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June 04, 1981 - Image 10

Resource type:
Text
Publication:
Michigan Daily, 1981-06-04

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Page I1O-Thursday, Junte 4,> 1981---The AMchigan D
Power
struggle.
in Iran
esca lates

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(Continued from Page7)
Bani-Sadr was elected president in January 1980
with an impressive 75 percent majority. He seems to
have solidified his popularity by taking charge of the
war effort against Iraq.
MANY IRANIANS-at least middle-class city
dwellers-blame Iran's severe unemployment and
other economic ills on the clergy's meddling in
politics.
The left-wing Moslems of the Mujaheddin Khalq
have stepped up anti-IRP protests in recent months,
some ending in bloody clashes with pro-clergy elemen-
ts. Khomeini has warned the clergy against taking
too strong a political stance, and his leftist grandson,
Seyyed Hussein Khomeini, has spoken out against the
danger of "totalitarianism in the color of religion."
If Bani-Sadr is put on trial, "I would imagine that
the left would probably try tactics like street demon-

strations ... an attack against clerical hegemony in
Iran," said Professor Michael Fischer, a Harvard
University anthropologist and author of a book on
Iran's revolutionary politics.
BULLIET AGREES. "There's a very strong risk
that if they try to prosecute Bani-Sadr, this will rally
an awful lot of support in his favor," he said. "The
IRP may decide it's too risky and stop it."
This does not mean, however, that the IRP has lit-
tle public support. It has organized extensively in the
r countryside and is believed to retain the loyalty of
many of the poorer and devout people of the cities.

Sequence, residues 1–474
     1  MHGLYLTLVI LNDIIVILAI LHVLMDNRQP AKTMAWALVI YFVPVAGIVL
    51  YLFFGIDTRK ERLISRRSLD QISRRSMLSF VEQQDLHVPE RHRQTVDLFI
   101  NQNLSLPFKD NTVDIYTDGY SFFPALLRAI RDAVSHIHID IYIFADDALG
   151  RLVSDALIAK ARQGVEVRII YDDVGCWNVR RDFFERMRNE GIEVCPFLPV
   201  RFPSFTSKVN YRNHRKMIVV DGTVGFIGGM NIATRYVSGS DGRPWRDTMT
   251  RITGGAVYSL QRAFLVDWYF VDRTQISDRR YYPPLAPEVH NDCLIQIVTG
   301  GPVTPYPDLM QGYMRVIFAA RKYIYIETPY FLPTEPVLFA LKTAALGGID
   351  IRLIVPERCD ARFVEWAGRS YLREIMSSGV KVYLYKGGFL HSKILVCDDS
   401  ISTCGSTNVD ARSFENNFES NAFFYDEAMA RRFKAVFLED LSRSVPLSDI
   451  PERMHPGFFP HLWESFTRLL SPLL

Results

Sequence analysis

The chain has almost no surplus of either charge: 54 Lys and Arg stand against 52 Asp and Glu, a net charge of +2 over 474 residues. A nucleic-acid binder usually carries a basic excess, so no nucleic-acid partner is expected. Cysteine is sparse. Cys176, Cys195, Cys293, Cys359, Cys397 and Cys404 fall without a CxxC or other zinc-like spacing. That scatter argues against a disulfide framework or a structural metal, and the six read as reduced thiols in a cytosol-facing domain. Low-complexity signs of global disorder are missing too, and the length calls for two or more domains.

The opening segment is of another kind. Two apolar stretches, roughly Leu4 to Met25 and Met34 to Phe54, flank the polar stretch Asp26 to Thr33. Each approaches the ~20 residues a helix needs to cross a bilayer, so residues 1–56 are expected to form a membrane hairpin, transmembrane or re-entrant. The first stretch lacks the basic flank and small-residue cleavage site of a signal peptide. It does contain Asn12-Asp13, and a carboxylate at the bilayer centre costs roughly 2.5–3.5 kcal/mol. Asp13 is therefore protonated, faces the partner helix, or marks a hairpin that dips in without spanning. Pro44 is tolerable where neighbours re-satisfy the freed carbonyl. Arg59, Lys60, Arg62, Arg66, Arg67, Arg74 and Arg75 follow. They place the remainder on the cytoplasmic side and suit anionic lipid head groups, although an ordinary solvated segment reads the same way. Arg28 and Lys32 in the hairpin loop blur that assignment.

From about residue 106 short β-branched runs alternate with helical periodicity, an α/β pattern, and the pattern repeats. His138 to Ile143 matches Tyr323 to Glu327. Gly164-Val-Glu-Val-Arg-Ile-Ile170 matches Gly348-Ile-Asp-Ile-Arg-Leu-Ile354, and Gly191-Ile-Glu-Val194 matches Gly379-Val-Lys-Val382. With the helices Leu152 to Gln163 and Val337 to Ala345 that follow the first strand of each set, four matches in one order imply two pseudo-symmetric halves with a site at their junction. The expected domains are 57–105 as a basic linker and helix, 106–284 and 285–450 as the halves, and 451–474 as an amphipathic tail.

The Iran-watchers say they would not be surprised
if the IRP-dominated judicial system picks out other
Bani-Sadr underlings and supporters for punishment.
Some political analysts believe the potential for a
takeover by pro-Soviet leftists in Iran is often over-
stated in the United States.

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Common Ground reflects a
rainbow of backgrounds

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set out to accomplish. One of the
proudest offstage achievements of
which the ensemble can boast has been
setting off a creative impulse in the
community outside the University,
enabling "people of different
backgrounds (to come) together for a
celebration, celebrating the richness
and diversity of our culture," said
Bryant.
THE ALL-BLACK cast of "for
coloured girls ..." is composed of
volunteer guest artists from disparate
ethnic and geographic backgrounds. In
the four months that they've been in
rehearsal, the spontaneous wit of the
performers and their openness to each
other's suggestions has created a lively
atmosphere of comraderie at the
rehearsals.
The actors sobered as the dusk light
drained from the hall. The rehearsal
had distilled down to pure seriousness.
Voices were thickening with fatigue
and some of the artists were leaning on

chairs and each other for support; but
the number ended tighter than ever,
their supple motions evoking the pain
and fury of nameless women struggling
to liberate their trampled spirits from
the enveloping gloom of their environ-
ment.
Finally, the group rehearsed the
gospel number that closes the play with
the entire cast whispering as one har-
monious unit, "I found God in myself,
and I loved her fiercely." The whole
cast took an elegant bow and the
rehearsal ended with a throaty line that
built into a gutsy shout, "And this is for
coloured girls who have considered
suicide, but are moving to the ends of
their own rainbow!" They filed out
quietly and I did not move. I was con-
tent to sit very still and feel the
satisfaction and resolution that a good
closing line brings. Then, suddenly,
someone snapped on the hall lights, the
director announced "Again!," and the
rehearsal continued beneath artificial
lights.

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